• + 1
 I got an email back from Ryders and they said $13.99. But I think they were mixed up and that's the price for the tear aways. I'll get back to you ASAP!
  • + 1
 $20 dollars for a full set of clear lenses from Ryders.
  • + 1
 How many in a full set? Or is that just one?
  • + 1
 full set = 1 complete lens. sorry that was unclear
  • + 4
 I used these goggles on the Shore mtn biking and snowboarding, too, actually. They rocked. Great vis, fit my helmet well, and were really hard to fog up. Great goggle.
  • + 1
 Ever tried the oakley mayhems tippie?, once you go phat, you never go back
  • + 2
 oakley has a pretty big monopol on this stuff i had ryders mtb googles loved them lost them now i have oakleys Razz but would love to get a new set of ryders...
  • + 1
 Oakley is way to exspensive for what they give. I bought a pair of mayhems and giro stations at the same time.. end up giving the oakleys the shelf.. These though look intriguing though, as their sunglasses are amazing, so I'll defiantly give these a go.
  • + 1
 these are sick goggles. i have a pair, and their awesome.
  • + 1
 I find that my current goggles push down on my nose which is a bit uncomfortable and restricts breathing so the lower profile and carved away nose area of these Shore goggles are really compelling features for me.

Couple of questions about the lens options:
1. Does the double-layer lens option confer a significant advantage for MTB use or is that more to deal with the temperature extremes of snow sports (or perhaps if you ride somewhere really cold)?
2. Is it worth going polarized? I confess I don't really know what effect it has.
  • + 2
 Breathability is the only issue I've had with other goggles I've tried. If this goggle have solved that problem and don't have any major downsides, well then I'm sold.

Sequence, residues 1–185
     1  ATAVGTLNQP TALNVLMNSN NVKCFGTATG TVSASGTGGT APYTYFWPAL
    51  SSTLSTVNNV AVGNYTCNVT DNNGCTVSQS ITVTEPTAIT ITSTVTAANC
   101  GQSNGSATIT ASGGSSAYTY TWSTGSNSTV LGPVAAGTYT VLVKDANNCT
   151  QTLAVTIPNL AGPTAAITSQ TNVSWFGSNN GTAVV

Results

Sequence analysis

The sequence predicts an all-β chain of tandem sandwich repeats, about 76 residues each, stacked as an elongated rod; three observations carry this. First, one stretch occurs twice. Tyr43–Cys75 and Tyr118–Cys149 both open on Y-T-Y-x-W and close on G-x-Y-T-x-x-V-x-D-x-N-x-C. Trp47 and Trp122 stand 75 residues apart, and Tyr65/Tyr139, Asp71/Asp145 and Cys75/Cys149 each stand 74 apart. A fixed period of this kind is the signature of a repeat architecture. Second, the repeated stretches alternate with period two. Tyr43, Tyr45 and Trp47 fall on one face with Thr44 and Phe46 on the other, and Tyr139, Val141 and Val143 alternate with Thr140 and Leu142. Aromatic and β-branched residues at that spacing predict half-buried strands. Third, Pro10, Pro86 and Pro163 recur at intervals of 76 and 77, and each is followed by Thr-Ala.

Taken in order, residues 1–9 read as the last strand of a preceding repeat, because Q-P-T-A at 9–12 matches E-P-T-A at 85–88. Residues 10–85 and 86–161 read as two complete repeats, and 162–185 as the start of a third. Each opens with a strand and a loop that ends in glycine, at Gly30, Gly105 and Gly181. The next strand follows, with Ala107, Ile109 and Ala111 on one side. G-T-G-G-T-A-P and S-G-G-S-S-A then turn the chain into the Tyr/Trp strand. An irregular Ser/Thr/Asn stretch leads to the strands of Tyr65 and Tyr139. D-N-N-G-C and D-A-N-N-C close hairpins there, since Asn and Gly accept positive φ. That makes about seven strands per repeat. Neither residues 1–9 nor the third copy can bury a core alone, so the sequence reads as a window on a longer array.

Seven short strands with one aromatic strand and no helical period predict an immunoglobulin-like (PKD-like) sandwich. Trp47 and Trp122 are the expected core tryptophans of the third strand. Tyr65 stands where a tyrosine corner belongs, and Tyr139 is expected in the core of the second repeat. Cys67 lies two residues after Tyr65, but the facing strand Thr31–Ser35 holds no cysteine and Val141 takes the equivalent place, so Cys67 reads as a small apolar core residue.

• + 1
 i tried these in Whister and they were great, I use Dragons myself, but cannot wait until I get my hands on a a set of these. Comfy and stylish....and in red! Im sold!
  • + 1
 I'm gonna check these out for sure, their price point is great, and with all of the modifications made mtb specific. How could you go wrong?
  • + 1
 That sucks you can get these in the UK. Costs more to post from US than the price of the google.
  • + 1
 Same here bro. I love my spys alloys and you can find replacement lenses for them just about anywhere.
  • + 1
 nice name.... i like it
  • + 1
 what about those who are looking for a OTG goggle that actually works and fits properly.
  • + 2
 Ummm contacts are available...
  • + 1
 OTG is a tough one to find and prior to going contacts for the majority of my riding I would cut the sides of my goggle foam for better fit. I also had Oakley L frames when I was younger for winter sports and they are Glasses specific fit.
  • + 1
 It's just that I HATE contacts. I've got two pairs of OTG goggles. One does a great job but the lens is tinted red--for winter sports-- The other is a moto OTG goggle and doesnt fit right.
  • + 2
 the annoying guy at the end almost convinced me to buy them...
Smile
  • + 3
 ^ me too ^
  • + 1
 Hey, Im that guy...I dont want to annoy anyone, in fact I did not even want to be in the video...no big deal, I love the goggles, and thought Id show those guys at Ryders how easy it is to have a simple vid to share stuff.
  • + 1
 eh...,.eh....
it was a good type of annoying Wink
  • + 2
 My spy alloys serve me well Smile although they scratch the a bitch!
  • + 1
 where can u buy these? ive never seen them before
  • + 0
 talk more through your helmet buddy :/
  • + 1
 Oakly is over priced !!!
  • + 1
 thats right
  • + 1
 caseeee
  • + 0
 ill stick with my Oakley Mayhems
  • + 4
 You do that mtb1stdegree, maybe try finding a pressure suit that actually fits, just like your goggles.
  • + 1
 i want them, too bad I dont have a job, therefor i dont have any money to spend on them Wink
  • + 0
 ya it hard to find that these days, eh buhgina